In 2002 we were looking for the right house in an inner city community. We discovered our dream house, an impossibly skinny 17 foot wide architectural infill, in Bankview, Calgary, Alberta. We soon discovered that what makes Bankview great is the diversity; of people, amenities, green spaces, schools, architecture and activities. Bankview is full of wonderful neighbours and friends such as Gail Simper winner of the 2017 Community Advocate Award. You can read about more stellar residents in the Bankview Good Neighbor Awards, and nominate someone today! The history project "A Stroll Through Bankview: Some 70+ Significant Selected Sites" also offers a comprehensive look at this unique community through the years. 

The Bankview Community Association and Community Hall is a hub of activity that ties the community together. In 2018, working with the Bankview Community Association and The City of Calgary, local artist Chris Pecora made a wonderful graphic map of Bankview and all the unique amenities including community, art, parks and recreation, history and architecture. I’ll highlight some of my favourites from the map as well as other community assets. 

As they say; location, location, location! Nestled between the bordering communities of Mount Royal to the east, South Calgary/Marda Loop to the south and 17 Avenue Retail and Entertainment District to the north, Bankview is a terrific location. So many amenities are located within walking and biking distance, including easy access to the bike trails along the Elbow River and River ParkFor a gourmet market and cafe visit, Our Daily Brett, located in the same mini mall as Bankview Starbucks, and Fishman's Dry Cleaners.

Bankview is chock full of parks with the crowning jewel being the large Buckmaster Park, which is home to the Community Garden where residents can rent their own plot. Buckmaster Park boasts a view of downtown, benches, a hill for sledding, basketball court, street hockey space and many wild neighbourhood bunnies. It is also the site of many events organized by our fabulous Bankview Community Association like outdoor concerts, Halloween pumpkin lantern evening, and bonfires. The Bankview Community Association is situated in another sizeable park area, a block from Buckmaster park. This space has a soccer pitch, free tennis courts, basket ball court, event gazebo, and playground equipment. Smaller parks are sprinkled around Bankview with a variety of additional playground equipment. We even have our very own off-leash dog park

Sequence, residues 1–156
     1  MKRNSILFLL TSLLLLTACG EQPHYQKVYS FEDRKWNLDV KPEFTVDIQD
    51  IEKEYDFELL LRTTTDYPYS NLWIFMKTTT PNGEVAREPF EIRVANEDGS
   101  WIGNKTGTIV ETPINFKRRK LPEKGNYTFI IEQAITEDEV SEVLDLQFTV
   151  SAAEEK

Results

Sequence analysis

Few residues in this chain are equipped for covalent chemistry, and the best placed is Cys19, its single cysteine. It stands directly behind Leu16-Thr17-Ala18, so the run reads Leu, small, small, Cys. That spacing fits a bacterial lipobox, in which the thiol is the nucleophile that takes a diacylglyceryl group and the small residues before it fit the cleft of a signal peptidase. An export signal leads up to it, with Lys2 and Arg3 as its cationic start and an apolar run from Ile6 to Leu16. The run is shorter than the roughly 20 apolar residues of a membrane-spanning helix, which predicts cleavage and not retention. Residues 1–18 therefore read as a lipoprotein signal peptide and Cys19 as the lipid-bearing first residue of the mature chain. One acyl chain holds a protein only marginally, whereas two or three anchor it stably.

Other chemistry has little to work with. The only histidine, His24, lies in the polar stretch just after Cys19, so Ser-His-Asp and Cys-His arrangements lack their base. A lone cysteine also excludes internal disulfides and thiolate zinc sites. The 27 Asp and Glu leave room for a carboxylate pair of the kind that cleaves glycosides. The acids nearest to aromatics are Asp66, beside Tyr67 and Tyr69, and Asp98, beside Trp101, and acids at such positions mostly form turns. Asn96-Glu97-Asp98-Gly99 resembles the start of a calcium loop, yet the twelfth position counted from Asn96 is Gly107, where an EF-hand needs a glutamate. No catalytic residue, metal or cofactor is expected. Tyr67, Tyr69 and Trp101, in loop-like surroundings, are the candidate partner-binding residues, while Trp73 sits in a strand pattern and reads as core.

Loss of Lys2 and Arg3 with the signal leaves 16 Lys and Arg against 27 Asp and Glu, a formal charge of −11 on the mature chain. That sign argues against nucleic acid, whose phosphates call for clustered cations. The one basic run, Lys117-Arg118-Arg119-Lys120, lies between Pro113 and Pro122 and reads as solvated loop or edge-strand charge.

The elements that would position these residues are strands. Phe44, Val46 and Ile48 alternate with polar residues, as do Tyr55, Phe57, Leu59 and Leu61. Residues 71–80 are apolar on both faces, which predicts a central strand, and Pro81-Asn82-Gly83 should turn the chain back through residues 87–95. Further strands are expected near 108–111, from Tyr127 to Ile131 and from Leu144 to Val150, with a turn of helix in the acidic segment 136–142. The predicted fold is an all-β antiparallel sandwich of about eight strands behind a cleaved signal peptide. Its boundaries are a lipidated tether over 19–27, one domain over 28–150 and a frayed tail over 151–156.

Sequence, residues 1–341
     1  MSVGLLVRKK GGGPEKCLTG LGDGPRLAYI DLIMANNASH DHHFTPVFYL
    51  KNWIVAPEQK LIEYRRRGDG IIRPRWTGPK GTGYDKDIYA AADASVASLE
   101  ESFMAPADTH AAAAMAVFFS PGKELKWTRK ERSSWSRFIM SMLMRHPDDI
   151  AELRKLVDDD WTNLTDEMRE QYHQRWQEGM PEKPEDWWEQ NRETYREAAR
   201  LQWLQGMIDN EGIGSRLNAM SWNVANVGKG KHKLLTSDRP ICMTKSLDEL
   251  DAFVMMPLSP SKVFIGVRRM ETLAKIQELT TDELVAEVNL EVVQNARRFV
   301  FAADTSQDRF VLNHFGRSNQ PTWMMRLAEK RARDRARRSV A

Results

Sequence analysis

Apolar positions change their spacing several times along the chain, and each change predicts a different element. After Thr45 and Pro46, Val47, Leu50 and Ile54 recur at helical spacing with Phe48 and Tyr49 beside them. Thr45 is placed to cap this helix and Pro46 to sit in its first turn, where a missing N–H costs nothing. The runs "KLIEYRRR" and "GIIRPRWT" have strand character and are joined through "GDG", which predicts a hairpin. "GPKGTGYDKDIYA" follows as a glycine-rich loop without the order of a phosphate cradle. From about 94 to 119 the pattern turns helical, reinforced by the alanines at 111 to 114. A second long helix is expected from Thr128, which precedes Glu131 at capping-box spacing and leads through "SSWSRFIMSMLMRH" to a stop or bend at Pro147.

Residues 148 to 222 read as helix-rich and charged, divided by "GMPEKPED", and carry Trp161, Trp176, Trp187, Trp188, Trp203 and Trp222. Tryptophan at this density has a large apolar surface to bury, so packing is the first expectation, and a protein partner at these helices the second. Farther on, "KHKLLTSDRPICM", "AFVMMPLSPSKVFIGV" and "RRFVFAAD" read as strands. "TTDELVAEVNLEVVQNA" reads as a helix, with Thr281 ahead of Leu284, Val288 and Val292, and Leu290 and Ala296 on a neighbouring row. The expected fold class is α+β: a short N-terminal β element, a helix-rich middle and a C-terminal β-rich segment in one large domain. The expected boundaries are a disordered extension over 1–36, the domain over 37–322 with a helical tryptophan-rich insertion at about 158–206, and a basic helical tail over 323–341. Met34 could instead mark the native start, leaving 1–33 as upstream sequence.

The community green spaces also house a variety of public art including the Nimmons Cairn by renowned artist Katie Ohe, Bankview Mural by Chris Pecora and Cam Hoff, a dinosaur mural on 25 Avenue SW, and a very unique VW Beatle car turned into a spider on top of Bankview Starbucks. The diverse community architecture is another bonus such as the infamous 'soccer ball' geodesic dome house built in the 1970's, the historic Nimmons House, built in 1898, or the 2019 award winning Grow Project, a multi-unit condo complete with rooftop gardens. 


A short walk to neighbouring South Calgary brings you to the cSPACE Arts Hub, in the historic King Edward building, -  a community of artists, non-profits, entrepreneurs, event space and the weekly year round Farmers & Makers Market. A block from cSPACE is the South Calgary Outdoor Pool and the Giuffre Family Library. What more could you ask for?

So what's your favourite thing about Bankview?

Friday, March 16, 2018